At least it's helpful that he marks these words as uncertain because another problem of the book is that even though most of his statements are made as though they are 100% certain it's never clear what is conjecture from his side and what is accepted as historical fact.
Allegro ascribes no value whatsoever to the actual stories and calls the New Testament a "cryptic document". His premise is that in order to avoid persecution this drug cult encrypted words for their sacred mushroom into the gospels and that the stories themselves are just chaff added to fool outsiders and had no meaning at all to early Christians. Particularly the way Romans are portrayed in a somewhat favorable light is done to placate the Rome who controlled Israel at that time:
Here, then, was the literary device to spread occult knowledge to the faithful. To tell the story of a rabbi called Jesus, and invest him with the power and names of the magic drug. To have him live before the terrible events that had disrupted their lives, to preach a love between men, extending even to the hated Romans. Thus reading such a tale, should it fall into Roman hands, even their mortal enemies might be deceived and not probe farther into the activities of the cells of the mystery cults within their territories.
Immediately after that paragraph Allegro admits that The ruse failed though he later backtracks a bit on that stating:
How far it succeeded in deceiving the authorities, Jewish and Roman, is doubtful.
Considering the Roman persecution that followed it would be doubtful indeed.
To me this is the weakest point of his argument that's never addressed. Namely if the only purpose is to again and again repeat the name of the mushroom in various forms then why encrypt it in a religious document at all? Surely some blander form of literature could be chosen that would be guaranteed not to offend anyone.
Beyond that the point of a text is to convey information, so if the stories themselves are worthless then one must ask just what the point of writing them were. What were the reader supposed to get out of reading them? They can't be used to convert anyone or even instruct neophytes since they contain no narrative, just mushroom names. The reader then had to be someone who was already in on the conspiracy but what would they get out of repeatedly reading a bunch of names of the mushroom that they must already be using as a drug?
It makes no sense to me and Allegro is not interested in discussing anything except the words in isolation so it remains a mystery to the reader just what practical purpose the texts actually served.
Additionally he doesn't just find drug references in the New Testament but in a vast array of other religious documents and these he also treats as if the stories held no meaning. Could this vast array of religious texts really all be ploys used just for transmitting the names of mushrooms?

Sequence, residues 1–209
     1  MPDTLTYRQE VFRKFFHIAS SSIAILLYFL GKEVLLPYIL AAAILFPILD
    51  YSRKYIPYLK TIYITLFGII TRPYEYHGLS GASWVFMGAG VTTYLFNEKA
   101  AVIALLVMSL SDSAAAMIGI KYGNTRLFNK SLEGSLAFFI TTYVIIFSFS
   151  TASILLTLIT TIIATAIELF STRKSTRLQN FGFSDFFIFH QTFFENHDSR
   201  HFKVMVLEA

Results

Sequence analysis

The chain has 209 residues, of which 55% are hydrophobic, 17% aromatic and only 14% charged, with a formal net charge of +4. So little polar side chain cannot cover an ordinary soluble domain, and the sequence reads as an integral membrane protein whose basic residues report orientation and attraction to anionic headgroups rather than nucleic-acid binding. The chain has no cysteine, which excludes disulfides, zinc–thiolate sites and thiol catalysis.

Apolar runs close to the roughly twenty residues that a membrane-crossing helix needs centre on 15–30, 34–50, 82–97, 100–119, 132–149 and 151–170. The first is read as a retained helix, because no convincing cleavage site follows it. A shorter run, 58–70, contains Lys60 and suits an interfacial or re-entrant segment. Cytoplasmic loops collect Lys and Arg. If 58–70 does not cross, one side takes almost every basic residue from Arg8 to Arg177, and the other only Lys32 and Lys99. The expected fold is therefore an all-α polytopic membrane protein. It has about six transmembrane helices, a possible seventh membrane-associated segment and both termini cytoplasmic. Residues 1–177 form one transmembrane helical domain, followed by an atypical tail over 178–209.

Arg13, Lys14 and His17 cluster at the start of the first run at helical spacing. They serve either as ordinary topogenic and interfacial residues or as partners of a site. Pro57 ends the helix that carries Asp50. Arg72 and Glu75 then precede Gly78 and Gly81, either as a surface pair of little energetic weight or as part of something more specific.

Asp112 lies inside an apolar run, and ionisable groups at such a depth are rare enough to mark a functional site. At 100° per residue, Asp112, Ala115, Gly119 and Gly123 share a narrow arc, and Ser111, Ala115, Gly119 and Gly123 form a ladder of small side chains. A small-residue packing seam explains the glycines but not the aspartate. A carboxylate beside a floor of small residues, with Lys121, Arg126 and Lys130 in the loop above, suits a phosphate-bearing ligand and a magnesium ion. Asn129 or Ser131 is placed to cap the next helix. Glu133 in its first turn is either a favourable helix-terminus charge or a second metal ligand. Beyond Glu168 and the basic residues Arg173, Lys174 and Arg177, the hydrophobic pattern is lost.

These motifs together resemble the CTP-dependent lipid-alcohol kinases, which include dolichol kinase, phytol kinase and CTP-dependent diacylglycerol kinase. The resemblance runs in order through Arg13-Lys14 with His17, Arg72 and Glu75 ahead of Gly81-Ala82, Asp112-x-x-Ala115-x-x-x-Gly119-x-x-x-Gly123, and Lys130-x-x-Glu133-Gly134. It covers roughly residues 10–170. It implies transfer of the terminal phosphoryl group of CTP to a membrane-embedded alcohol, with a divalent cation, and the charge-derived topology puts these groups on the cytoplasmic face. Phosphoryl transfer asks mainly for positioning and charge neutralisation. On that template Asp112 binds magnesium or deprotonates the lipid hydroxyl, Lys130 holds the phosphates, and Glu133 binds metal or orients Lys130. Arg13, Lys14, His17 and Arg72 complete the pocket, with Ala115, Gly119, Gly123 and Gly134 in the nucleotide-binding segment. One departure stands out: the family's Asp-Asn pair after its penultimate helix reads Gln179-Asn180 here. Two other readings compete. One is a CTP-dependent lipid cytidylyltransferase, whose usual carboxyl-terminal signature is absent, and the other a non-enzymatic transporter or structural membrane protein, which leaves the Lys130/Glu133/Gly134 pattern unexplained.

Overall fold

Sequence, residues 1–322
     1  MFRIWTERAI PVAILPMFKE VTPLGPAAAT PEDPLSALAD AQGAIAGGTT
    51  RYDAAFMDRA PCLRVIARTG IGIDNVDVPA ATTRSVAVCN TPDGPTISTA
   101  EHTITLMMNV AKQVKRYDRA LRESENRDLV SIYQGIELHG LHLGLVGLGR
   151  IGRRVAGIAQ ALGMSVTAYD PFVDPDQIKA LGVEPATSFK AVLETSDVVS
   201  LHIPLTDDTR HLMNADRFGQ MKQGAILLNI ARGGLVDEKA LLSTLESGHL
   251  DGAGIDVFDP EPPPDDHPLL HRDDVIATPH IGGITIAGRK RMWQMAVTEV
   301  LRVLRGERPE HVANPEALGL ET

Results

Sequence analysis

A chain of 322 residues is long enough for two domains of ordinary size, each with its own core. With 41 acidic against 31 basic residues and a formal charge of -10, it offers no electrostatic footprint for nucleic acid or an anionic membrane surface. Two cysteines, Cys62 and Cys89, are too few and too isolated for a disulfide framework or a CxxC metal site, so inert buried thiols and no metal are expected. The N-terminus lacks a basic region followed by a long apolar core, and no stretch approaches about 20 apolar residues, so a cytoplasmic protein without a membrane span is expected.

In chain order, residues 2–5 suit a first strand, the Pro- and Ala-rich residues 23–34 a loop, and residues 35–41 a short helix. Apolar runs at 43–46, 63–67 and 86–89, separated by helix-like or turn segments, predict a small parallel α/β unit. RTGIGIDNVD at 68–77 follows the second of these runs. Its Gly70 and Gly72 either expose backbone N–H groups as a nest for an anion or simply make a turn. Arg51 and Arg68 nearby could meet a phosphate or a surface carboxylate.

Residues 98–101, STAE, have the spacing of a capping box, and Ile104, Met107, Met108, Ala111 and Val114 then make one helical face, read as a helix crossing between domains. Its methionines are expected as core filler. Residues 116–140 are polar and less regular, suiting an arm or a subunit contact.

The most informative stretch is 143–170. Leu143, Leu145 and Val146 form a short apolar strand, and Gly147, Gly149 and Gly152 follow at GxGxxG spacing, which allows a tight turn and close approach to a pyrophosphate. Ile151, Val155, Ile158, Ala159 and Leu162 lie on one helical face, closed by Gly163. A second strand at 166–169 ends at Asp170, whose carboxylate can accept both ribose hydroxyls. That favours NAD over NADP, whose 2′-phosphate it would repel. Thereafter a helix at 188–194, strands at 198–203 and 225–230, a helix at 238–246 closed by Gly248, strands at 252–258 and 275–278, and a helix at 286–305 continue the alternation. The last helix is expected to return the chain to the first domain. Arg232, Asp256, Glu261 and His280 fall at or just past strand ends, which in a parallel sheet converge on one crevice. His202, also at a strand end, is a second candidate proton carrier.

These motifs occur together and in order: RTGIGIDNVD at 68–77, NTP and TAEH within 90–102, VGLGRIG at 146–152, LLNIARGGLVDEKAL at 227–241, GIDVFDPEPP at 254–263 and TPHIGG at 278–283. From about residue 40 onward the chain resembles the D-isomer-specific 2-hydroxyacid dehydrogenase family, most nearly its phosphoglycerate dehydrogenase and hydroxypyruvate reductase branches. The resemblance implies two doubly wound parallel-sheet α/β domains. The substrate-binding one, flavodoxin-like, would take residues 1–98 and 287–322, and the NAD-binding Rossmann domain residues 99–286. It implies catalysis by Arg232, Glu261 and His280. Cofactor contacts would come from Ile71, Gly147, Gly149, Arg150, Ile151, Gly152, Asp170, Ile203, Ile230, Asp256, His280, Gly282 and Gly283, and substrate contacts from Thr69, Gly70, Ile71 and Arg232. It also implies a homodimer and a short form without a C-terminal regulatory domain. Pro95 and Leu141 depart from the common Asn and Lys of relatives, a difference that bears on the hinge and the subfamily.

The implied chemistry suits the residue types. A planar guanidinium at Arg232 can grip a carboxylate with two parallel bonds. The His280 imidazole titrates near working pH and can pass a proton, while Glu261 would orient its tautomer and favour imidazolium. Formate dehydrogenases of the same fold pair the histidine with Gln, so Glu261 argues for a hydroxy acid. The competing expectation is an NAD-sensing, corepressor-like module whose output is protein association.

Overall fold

Another thing that he's not interested in discussing is just who these cults were and when they existed. Judging from the title you'd think he'd focus on early Christians but Judaism, Roman polytheism and even Islam gets rolled in there when he later discusses the Arab Assassins. His definition of "early" Christianity isn't all that clear either. He obviously includes the gospels but often ends up talking about the Pauline letters which would imply that St. Paul was also a drug fiend. To my mind church was much larger and more established during St. Paul's time and it would seem unlikely that all these people were in on secret drug cult that later just disappeared.
I could only find a single paragraph where Allegro even tries to put all these drug cults into some sort of historical timeline:
Israelitism was based upon the cult of the sacred fungus, as its tribal names and mythologies now show. The extremes of some of its adherents bred their own internal and external opposition, and after the disastrous rebellions against the Assyrians and Babylonians of the eight and sixth centuries a period of reaction set in, and the past was forcibly expunged from Judaism under the reform movements of the sixth-fifth centuries. The mushroom cult went underground to reappear with even more disastrous results in the first and second centuries A.D. when the Zealots and their successors again challenged the might of Rome.
Christianity purged itself after the holocaust and drove its drug-takers into the desert as "heretics", and eventually so conformed to the will of the State that in the fourth century it became an integral part of the ruling establishment. By then its priests were raising wafers and sweet wine at the altar and trying to convince their followers that the host had miraculously become the flesh and juice of the god.